Airline Revenue Management Strategy 101: It's All About Alignment

     

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Revenue management has been long been touted as a strategic tool but what exactly is the “strategy” that is being referred to?  When it was initially introduced, the airlines which invested in revenue management technology pursued a quantitative and analytical approach that differentiated them from airlines with simpler pricing. But are “analytical” and “quantitative” still defined as a “strategy” that differentiates an airline from its competitors?

The answer is no. Airline revenue management has become a largely tactical, yet essential tool in many markets, and sophisticated vendors now provide off-the-shelf revenue management solutions.  Now, for most airlines, revenue management is not a competitive advantage. Instead, the broader airline leadership team – or the CEO - must clearly define the airline’s vision, by which the entire team is guided and must work towards in order create and sustain competitive advantages.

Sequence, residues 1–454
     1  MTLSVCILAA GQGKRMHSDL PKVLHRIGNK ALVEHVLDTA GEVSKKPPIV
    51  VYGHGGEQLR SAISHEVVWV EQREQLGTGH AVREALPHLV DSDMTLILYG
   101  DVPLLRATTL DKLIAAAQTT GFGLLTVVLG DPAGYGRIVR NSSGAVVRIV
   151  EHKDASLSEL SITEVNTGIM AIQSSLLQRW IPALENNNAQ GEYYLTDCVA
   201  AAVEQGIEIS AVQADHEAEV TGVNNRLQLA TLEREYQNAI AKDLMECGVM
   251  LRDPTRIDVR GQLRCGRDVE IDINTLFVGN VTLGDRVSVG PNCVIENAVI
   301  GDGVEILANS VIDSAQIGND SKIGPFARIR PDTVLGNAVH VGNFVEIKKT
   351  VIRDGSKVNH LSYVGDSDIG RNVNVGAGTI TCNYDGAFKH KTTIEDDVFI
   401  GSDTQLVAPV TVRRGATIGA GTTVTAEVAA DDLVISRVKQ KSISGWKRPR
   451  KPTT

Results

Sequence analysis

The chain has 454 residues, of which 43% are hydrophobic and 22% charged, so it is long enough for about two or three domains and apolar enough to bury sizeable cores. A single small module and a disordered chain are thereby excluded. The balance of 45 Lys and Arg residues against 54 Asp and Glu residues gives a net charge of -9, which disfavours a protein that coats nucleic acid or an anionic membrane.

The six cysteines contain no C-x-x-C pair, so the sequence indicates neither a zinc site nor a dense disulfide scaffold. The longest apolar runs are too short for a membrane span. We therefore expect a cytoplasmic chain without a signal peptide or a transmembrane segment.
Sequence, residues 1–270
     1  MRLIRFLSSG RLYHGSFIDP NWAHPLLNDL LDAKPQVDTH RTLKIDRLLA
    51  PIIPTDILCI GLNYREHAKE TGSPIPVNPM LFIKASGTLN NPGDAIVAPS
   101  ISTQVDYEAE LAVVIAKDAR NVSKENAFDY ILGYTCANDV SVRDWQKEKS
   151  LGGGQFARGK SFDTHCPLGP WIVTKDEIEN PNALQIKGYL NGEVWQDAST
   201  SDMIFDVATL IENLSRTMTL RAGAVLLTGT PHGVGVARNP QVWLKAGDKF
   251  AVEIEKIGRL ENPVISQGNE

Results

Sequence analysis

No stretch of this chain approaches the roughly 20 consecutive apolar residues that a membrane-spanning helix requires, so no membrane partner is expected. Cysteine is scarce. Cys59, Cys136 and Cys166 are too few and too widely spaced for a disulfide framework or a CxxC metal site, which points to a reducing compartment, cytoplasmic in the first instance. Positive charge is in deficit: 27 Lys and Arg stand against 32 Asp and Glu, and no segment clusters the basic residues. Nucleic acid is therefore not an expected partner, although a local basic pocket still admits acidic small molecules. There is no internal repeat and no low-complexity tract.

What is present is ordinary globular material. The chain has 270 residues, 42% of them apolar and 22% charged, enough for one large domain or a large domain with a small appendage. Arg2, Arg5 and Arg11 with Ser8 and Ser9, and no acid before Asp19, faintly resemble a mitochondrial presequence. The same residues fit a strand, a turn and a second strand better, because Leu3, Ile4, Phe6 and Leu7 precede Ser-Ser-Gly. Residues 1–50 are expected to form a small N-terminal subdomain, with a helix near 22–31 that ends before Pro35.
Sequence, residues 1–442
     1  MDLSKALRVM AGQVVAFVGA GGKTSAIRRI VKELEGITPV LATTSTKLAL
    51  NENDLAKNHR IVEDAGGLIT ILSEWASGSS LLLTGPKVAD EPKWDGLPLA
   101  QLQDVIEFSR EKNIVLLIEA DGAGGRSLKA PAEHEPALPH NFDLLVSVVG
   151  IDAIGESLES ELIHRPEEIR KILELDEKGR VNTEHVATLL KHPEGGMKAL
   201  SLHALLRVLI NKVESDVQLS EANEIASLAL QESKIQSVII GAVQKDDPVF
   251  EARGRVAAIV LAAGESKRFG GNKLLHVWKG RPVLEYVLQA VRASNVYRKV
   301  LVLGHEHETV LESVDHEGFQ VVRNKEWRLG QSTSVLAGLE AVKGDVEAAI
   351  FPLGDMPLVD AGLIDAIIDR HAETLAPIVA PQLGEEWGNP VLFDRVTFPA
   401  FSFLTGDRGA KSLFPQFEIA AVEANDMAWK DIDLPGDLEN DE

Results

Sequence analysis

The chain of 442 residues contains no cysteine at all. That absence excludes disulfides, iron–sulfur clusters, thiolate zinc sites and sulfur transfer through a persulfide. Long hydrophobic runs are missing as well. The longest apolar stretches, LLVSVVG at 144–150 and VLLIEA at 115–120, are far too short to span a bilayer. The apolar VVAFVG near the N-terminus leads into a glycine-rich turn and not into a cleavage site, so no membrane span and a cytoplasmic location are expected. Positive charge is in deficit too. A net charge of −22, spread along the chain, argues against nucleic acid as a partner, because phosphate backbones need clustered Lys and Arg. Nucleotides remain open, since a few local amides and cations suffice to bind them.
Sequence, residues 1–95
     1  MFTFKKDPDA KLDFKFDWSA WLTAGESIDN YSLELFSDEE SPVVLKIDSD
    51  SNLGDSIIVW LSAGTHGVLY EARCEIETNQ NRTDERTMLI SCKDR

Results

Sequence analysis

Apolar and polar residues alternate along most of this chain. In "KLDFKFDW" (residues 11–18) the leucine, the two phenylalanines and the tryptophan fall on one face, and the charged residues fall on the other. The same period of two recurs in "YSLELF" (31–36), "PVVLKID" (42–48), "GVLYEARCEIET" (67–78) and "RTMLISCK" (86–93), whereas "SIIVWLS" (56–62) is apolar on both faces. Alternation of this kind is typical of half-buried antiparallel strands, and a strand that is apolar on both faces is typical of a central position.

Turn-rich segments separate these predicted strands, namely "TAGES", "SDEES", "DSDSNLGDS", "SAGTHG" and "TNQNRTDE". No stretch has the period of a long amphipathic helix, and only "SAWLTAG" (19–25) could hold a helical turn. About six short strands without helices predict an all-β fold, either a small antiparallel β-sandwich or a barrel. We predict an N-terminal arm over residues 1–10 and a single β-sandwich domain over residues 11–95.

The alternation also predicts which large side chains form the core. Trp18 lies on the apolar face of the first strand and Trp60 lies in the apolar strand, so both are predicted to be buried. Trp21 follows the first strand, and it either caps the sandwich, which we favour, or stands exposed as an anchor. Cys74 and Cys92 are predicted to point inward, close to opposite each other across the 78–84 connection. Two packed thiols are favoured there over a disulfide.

No longer can revenue management be a “strategy” on its own. It is definitely not considered a tactic to let revenue management “black box” analytics determine which customers are served – independent of a corporate vision, of schedules, sales, loyalty, and customer service. Instead, airline revenue management should in fact be used to implement the defined corporate strategy. 

On the other hand, revenue management is an important tool for validating the overall airline strategy. Since its principal role is to allocate demand over scarce capacity, revenue management is constantly monitoring demand. The function is in an ideal position to see if the other strategic initiatives are driving demand as expected, and whether it achieves alignment with the airline’s corporate priorities.

 

Revenue Management: The Validation Role

Airlines today differentiate themselves on three primary dimensions:

  1. Schedule
  2. Product
  3. Pricing/Ancillary

Revenue management can validate each of these strategic differentiators.

Schedule